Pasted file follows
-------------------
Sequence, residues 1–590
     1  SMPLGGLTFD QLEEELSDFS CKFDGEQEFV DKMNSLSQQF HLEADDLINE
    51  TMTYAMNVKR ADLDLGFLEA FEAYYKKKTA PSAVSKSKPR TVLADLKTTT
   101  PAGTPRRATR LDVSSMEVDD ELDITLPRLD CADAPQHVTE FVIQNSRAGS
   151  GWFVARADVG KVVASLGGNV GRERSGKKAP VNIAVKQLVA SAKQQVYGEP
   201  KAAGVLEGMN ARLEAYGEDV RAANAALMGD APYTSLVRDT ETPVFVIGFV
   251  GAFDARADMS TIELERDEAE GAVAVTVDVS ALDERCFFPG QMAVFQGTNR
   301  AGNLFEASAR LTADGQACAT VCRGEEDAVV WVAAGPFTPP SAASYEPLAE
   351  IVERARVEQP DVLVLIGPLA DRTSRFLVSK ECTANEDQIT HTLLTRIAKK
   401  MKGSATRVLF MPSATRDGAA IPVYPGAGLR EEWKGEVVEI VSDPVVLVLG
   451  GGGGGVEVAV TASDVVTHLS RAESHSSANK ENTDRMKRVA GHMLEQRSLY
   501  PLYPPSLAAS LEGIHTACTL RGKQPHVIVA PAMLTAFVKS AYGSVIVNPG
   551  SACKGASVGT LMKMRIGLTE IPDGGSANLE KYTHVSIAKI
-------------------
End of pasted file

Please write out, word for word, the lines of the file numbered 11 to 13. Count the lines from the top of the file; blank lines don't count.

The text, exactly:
   451  GGGGGVEVAV TASDVVTHLS RAESHSSANK ENTDRMKRVA GHMLEQRSLY
   501  PLYPPSLAAS LEGIHTACTL RGKQPHVIVA PAMLTAFVKS AYGSVIVNPG
   551  SACKGASVGT LMKMRIGLTE IPDGGSANLE KYTHVSIAKI